“New technology is the future in treating cancer”

Posted 3rd July 2023

As the NHS celebrates its 75th anniversary, Consultant Medical Oncologist Dr Ian Lampkin tells us about his career so far, his hopes for the future of the health service and what he thinks has changed.

“Medicine hasn’t always been my dream career. I was pretty academic in school but I thought law was the way I was going to go. But then a family member was diagnosed with Lung cancer as I was about to study my A levels.

“This got me thinking about my future and my career and what I really wanted to achieve and eventually, I decided medicine would be the direction I would go in; I wanted to help people and had a keen interest in science. And so my journey to be a doctor in the NHS began.

“I began working at The Clatterbridge Cancer Centre eight years ago, at the end of my training in general medicine. I specialise in urological cancers, treating cancers in the bladder and prostate – and also skin cancer. I enjoy the complexities of the science behind these types of cancers as well as the nature of the patients I treat. My team and I look after so many lovely people and it’s a pleasure to care for them.

“My career so far only spans a few years compared to some of my colleagues, but even in that time, I’ve seen a lot of changes within the NHS. There’s been a shift in terms of work load and pressure – we want to do the best for our patients, but with more and more people being diagnosed with and living with cancer, we’re working harder than ever to ensure they all get the proper care they deserve.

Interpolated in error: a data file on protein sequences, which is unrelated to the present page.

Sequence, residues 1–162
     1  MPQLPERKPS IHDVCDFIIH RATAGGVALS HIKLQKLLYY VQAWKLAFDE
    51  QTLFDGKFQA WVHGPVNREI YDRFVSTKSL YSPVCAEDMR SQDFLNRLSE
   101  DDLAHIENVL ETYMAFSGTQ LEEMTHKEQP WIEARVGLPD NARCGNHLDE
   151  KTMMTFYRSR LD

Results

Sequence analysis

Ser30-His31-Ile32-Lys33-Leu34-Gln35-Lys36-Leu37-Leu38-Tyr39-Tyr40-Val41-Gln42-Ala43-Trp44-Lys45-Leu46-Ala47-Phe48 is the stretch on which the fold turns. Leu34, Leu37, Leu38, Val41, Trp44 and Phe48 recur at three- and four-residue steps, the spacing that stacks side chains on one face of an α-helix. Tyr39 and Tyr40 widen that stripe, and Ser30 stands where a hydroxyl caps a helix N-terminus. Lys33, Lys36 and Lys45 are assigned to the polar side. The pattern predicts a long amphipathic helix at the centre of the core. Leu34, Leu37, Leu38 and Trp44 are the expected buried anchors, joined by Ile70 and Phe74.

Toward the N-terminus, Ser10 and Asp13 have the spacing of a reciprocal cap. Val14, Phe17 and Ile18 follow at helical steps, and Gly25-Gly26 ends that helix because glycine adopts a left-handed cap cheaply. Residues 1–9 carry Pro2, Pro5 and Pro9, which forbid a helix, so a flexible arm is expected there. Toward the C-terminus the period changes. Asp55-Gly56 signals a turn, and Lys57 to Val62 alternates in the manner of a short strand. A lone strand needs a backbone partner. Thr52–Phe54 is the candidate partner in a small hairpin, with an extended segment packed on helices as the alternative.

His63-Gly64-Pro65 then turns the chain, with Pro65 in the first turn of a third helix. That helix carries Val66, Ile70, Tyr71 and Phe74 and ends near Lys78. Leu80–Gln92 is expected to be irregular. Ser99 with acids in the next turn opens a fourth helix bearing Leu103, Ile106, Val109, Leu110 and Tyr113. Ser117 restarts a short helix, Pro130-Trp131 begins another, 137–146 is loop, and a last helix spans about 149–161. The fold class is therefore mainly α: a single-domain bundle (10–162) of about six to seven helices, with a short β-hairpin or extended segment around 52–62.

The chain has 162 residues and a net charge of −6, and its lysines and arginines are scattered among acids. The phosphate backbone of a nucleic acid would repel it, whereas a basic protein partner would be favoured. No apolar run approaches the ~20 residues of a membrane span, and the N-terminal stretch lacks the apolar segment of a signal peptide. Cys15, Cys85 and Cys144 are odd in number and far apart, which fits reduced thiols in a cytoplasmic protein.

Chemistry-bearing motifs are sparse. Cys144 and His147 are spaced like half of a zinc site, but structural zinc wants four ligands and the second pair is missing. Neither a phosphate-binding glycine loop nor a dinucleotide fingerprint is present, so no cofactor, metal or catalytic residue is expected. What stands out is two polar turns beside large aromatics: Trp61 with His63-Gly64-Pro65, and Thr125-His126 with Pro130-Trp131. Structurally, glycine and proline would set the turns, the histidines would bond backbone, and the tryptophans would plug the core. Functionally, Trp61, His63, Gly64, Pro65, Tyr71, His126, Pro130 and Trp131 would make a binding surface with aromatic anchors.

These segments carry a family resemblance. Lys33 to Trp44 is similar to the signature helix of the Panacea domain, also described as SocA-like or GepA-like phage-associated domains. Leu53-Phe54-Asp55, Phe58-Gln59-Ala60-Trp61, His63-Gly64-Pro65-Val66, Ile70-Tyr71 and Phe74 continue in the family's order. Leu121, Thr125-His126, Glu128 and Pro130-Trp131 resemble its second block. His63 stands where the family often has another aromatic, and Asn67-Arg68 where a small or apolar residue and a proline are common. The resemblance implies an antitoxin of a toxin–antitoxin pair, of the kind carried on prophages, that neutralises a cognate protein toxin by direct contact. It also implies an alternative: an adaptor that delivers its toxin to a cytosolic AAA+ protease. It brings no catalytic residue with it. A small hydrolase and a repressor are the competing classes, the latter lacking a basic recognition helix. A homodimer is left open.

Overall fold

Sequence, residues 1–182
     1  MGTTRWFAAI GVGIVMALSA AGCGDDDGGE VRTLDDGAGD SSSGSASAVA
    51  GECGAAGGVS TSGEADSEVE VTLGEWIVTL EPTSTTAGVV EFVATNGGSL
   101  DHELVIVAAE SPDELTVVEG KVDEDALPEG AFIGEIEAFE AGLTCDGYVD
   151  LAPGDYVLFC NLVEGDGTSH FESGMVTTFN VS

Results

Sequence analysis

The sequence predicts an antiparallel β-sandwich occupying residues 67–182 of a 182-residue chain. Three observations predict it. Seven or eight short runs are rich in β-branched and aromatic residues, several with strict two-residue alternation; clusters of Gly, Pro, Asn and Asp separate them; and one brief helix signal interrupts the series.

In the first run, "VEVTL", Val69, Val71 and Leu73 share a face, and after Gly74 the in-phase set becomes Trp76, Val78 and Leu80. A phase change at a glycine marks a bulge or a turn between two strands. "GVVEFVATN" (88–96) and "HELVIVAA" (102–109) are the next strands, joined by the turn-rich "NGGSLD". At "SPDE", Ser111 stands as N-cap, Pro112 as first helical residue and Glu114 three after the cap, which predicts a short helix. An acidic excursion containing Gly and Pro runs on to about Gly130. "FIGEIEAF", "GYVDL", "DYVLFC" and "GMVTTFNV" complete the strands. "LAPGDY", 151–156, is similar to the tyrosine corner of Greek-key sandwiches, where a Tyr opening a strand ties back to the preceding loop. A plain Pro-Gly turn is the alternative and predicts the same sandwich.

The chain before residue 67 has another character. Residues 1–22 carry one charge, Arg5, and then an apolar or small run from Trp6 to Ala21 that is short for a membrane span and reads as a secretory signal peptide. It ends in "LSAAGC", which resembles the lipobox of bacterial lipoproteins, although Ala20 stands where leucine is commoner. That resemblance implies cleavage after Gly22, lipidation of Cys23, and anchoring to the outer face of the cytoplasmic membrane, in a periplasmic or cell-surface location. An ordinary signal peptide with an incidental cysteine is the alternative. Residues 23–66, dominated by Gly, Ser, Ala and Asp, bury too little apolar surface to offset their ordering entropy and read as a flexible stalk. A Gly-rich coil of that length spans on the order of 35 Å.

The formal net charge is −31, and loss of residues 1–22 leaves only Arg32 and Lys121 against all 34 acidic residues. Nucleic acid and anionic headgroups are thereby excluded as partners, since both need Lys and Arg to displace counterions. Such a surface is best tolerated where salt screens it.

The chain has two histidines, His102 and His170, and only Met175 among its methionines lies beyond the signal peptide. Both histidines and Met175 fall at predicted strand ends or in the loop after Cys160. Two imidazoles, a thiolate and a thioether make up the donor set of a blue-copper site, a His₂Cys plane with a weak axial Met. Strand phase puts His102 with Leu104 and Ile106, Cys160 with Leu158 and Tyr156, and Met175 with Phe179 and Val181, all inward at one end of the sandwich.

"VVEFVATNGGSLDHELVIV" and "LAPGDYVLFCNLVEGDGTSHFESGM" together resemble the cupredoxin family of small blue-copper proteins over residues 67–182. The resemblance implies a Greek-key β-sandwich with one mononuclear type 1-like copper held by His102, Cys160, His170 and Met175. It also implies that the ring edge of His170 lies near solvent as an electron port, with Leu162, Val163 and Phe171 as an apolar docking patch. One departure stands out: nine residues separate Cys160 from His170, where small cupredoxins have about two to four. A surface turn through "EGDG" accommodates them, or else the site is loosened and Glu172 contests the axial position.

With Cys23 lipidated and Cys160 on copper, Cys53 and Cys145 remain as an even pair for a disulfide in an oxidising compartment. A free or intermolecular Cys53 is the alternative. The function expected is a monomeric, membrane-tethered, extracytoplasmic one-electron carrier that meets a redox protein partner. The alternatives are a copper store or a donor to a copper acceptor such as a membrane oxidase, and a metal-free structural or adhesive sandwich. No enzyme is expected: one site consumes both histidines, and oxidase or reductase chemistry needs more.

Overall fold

“When I qualified as a doctor, we were still often using fax machines in the NHS. Technology has changed a lot and for the better. I’m really excited about what advances in technology mean for both the wider NHS and for ourselves in cancer care.

“For example, developments in AI technology within radiotherapy have already improved the accuracy of our planning, meaning we’re able to treat with even more precision and it saves us time. This sort of technology will only continue to improve and that’s really exciting.”

“I’m looking forward to my future here at The Clatterbridge Cancer Centre. I’m keen to develop new services for my skin cancer patients and in brachytherapy, which is a form of treating cancer with radiation where a radioactive wire is placed on the skin surface near cancer cells

“And there are areas of my own development I’m looking forward to exploring – I’m interested in teaching trainee oncologists for example.

“The NHS is a brilliant place to work, with lots of opportunities no matter what your area of expertise. I’m looking forward to what the future holds for The Clatterbridge Cancer Centre and the NHS."